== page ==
Profile Image for Lynn.
861 reviews124 followers
October 9, 2019
3.5 stars.
In his latest personal adventure, A.J. Jacobs researches his family tree. He decides to try to break a world record for family reunions while he goes far afield to find relatives. His theme seems to be that we are all related in some way, and has photos of disparate people, including celebrities, holding up signs that say “I Am A Cousin”. Although the book is generally humorous, at times he seems to be trying too hard to be funny.

The book is an interesting delve into the world of genealogy, a subject about which I know very little. He has a lot of anecdotes about his ancestors as well as his immediate family. He describes the myriad ways you can do your own genealogy research, many of which he used.

I have enjoyed many of his books, although this one would not be my favorite. It’s still a fun, fast read, that does not require a lot of brain power. Sometimes that’s enough.
Profile Image for Alex O'Brien.
Author 2 books50 followers
December 3, 2017
An interesting and funny account of Jacobs' efforts to research his ancestors, prepare a global family tree, and stage the world's biggest reunion. The book is well-written and will serve as a good guide for budding genealogists, but it's not as deep in content as Jacobs' previous works and I found the ending-his description of the actual reunion-a bit of a let-down. Unfortunately, Jacobs only touches on this event which the whole book had been building up to.
Profile Image for Ann.
50 reviews
September 17, 2017
Funny, interesting and educational; I was sticking post it notes throughout the book. I'm excited to look further into my family tree.
Profile Image for Karyn.
204 reviews
January 12, 2018
At best, a very light introduction to genealogy and the world family tree.
Not recommended for anyone with experience in genealogy seeking any insight.
Profile Image for Papaphilly.
267 reviews68 followers
February 8, 2020
It's All Relative: Adventures Up and Down the World's Family Tree by A.J. Jacobs is both very funny and very serious at the same time. A.J. Jacobs becomes interested in the idea that if the world can go back 70 generations, everyone in the world is related. The rest of the book is stuffed full of facts and tidbits of information on genealogy, his family history, and holding what he tries to make is that largest family gathering in the world. A.J. Jacobs turns his battle cry into "We are Cousins" to get his distantly related family to attend. Along the way he explores what it means to be family and how much of the rogues get hidden by history by choice. All great fun. There is plenty of information for the casual geneticist and genealogist, but the book does not become bogged down. This is not hard science, but there is enough there to pique ones interest. The true underlying theme is the more we learn about each other, the nicer we can be to each other.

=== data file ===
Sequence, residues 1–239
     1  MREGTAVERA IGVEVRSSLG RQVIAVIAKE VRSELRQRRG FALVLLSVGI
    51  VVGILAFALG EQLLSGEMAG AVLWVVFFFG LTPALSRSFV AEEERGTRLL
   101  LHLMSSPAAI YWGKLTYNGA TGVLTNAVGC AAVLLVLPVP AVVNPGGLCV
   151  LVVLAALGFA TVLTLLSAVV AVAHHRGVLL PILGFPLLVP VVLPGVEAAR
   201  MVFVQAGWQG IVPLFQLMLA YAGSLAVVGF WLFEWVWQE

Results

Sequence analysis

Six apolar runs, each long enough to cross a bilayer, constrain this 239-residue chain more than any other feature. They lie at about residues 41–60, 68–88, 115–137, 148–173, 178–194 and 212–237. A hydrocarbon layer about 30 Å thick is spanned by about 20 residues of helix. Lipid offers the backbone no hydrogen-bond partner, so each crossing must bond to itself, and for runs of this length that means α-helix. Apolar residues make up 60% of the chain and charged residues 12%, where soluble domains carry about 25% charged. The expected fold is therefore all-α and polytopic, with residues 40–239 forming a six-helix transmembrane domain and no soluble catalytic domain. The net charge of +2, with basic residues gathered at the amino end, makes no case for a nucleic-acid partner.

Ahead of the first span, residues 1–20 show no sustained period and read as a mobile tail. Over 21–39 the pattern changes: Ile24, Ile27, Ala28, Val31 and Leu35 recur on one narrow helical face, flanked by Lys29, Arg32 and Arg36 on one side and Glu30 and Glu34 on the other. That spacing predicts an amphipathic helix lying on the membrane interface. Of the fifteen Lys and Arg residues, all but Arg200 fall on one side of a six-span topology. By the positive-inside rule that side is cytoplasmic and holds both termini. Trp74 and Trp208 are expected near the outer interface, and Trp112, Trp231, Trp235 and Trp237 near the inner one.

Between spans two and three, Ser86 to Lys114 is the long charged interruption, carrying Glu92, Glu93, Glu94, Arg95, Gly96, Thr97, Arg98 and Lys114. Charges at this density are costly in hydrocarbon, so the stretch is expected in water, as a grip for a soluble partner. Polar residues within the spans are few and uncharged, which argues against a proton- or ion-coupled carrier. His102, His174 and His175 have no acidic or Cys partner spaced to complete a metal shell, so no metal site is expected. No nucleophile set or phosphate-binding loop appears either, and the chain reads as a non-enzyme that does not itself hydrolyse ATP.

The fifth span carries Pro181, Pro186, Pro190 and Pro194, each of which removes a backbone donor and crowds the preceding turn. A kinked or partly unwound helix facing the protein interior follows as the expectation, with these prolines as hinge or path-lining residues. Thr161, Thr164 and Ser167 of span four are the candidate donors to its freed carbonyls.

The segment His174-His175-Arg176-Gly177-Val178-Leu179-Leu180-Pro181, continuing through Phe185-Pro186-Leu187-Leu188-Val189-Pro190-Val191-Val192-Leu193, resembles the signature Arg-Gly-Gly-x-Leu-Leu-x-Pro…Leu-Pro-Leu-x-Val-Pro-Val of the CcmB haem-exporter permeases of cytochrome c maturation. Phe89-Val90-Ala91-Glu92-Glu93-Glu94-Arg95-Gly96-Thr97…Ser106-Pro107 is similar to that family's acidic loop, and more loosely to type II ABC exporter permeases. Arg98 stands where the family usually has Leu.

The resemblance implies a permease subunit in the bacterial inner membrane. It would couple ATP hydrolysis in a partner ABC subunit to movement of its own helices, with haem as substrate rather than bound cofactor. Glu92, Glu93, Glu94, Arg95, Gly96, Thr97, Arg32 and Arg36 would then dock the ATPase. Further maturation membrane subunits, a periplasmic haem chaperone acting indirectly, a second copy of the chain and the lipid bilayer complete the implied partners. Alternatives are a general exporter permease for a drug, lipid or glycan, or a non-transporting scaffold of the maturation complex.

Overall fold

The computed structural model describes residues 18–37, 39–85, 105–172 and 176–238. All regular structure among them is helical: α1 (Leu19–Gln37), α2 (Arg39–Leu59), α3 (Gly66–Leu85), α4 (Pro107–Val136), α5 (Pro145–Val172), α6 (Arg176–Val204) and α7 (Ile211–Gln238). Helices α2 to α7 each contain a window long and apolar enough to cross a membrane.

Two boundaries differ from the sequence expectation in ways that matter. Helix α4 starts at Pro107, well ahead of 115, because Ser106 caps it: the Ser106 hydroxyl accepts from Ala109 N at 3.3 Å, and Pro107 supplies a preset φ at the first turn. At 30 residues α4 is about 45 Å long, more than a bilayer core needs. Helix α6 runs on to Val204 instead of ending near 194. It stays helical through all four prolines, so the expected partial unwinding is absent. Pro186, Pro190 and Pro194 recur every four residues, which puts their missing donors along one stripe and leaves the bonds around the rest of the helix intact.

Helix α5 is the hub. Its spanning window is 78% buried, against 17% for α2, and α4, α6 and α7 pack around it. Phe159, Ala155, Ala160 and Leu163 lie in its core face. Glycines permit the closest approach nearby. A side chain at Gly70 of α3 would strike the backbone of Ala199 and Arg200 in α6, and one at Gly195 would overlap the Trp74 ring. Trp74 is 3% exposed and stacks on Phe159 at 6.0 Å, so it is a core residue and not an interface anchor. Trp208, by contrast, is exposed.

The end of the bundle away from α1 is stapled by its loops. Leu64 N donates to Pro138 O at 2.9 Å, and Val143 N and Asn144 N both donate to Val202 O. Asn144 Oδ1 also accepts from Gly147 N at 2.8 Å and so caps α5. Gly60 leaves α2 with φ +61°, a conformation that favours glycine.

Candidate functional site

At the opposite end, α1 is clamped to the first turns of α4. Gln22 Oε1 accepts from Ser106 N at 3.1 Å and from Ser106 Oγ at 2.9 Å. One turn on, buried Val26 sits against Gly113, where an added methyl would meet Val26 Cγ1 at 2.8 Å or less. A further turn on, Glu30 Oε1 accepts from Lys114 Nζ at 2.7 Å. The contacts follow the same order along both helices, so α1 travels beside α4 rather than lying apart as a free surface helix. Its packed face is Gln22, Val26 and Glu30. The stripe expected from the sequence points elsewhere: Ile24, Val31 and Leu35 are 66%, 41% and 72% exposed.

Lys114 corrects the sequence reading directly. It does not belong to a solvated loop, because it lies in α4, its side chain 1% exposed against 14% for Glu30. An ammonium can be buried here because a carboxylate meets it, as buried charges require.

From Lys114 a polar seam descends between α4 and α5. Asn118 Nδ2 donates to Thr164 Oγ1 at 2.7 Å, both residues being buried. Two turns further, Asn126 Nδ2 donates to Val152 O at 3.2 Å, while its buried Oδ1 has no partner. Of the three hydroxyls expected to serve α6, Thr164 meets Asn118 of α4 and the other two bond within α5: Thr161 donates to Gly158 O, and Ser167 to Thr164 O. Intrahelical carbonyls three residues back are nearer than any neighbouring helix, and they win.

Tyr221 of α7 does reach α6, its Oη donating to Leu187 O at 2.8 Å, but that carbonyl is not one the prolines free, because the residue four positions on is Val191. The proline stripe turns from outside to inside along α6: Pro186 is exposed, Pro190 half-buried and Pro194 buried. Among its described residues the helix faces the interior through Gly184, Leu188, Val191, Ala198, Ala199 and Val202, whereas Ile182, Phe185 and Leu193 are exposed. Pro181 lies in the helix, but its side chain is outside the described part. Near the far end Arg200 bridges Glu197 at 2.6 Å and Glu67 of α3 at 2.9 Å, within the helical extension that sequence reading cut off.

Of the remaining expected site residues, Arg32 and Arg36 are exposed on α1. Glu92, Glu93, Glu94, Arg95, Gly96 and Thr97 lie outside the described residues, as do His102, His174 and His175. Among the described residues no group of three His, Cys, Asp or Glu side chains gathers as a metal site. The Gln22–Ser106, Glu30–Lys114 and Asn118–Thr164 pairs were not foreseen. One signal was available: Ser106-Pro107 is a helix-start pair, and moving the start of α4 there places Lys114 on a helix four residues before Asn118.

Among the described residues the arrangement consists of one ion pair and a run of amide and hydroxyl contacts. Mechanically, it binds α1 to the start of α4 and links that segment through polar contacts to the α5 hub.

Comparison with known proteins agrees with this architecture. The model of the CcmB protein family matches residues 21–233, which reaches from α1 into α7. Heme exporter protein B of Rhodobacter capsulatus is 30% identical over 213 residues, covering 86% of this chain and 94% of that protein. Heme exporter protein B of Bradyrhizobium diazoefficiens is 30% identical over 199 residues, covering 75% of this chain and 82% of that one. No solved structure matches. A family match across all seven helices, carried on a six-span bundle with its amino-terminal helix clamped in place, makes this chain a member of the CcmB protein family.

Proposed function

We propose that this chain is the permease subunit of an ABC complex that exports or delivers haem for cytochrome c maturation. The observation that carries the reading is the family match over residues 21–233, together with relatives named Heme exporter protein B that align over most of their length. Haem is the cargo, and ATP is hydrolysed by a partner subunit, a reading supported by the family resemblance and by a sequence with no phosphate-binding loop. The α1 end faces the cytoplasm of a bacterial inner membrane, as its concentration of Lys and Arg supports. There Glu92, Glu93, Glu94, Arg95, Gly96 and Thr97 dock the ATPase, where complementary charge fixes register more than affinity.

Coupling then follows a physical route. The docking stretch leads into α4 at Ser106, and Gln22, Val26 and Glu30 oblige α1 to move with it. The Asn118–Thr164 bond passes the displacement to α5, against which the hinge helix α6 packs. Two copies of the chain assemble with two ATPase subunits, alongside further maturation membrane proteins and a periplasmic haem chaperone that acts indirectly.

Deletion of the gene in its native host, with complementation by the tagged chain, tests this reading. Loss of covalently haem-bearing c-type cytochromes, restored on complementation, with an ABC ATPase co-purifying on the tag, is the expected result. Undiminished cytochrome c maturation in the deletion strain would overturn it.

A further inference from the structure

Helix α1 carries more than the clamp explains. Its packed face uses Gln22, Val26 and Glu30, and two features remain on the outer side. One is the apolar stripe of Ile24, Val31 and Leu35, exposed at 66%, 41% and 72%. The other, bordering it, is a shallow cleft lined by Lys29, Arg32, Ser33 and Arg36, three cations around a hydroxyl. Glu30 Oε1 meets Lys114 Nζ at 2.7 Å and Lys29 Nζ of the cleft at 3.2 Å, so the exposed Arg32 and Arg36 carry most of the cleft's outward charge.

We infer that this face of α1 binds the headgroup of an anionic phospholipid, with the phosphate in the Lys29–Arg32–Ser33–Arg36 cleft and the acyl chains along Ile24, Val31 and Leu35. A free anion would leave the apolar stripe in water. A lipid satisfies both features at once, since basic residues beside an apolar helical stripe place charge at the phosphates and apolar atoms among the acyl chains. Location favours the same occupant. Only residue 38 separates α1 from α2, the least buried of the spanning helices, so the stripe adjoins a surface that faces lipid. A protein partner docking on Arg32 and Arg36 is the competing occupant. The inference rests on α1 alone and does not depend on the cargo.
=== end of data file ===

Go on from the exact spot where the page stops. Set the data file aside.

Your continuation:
It's All Relative: Adventures Up and Down the World's Family Tree is enjoyable and well worth the time.
Profile Image for Linda.
676 reviews
November 16, 2017

Who could get me to read an entire book about genealogy, without holding me hostage and/or threatening bodily harm? The list is very short, and A.J. Jacobs’ name is right at the top.

He admits that it’s a topic he became interested in only after he had kids, and became old enough to start contemplating his own mortality. He also admits that it’s one of the most narcissistic pursuits ever. I like honesty in a person.

He outlines the ways that genealogy has been used for less than noble purposes, then starts planning the world’s largest family reunion, in hope that the event will bring people together. The theory is that we look more favorably upon people who are related to us, so if we think of everyone on earth as a cousin, then we’ll all be nicer to each other. Nice theory. Humans being what they are, it doesn’t work perfectly in practice.

There were many laugh out loud moments in the book: the chapter about a group advocating first cousin marriage (all together now: ewwwwwwww!), A. J. going to lunch with Barbara and George H.W. Bush, A. J. learning that not all the members of Sister Sledge will be performing “We are Family” at the reunion because some members are no longer speaking to others, A. J. opening for Donny Osmond… There’s also plenty of good information for anyone truly interested in genealogy. I had no idea the global tree movement had gained as much popularity as it has.

As little interest as I have in the subject, I admit that plugging my name in to a global tree website to see how distantly I’m related to the famous and infamous is intriguing. Recommended for anyone with an interest in the subject, or who enjoys a good laugh.
This entire review has been hidden because of spoilers.
Profile Image for Ken Heard.
597 reviews10 followers
January 13, 2018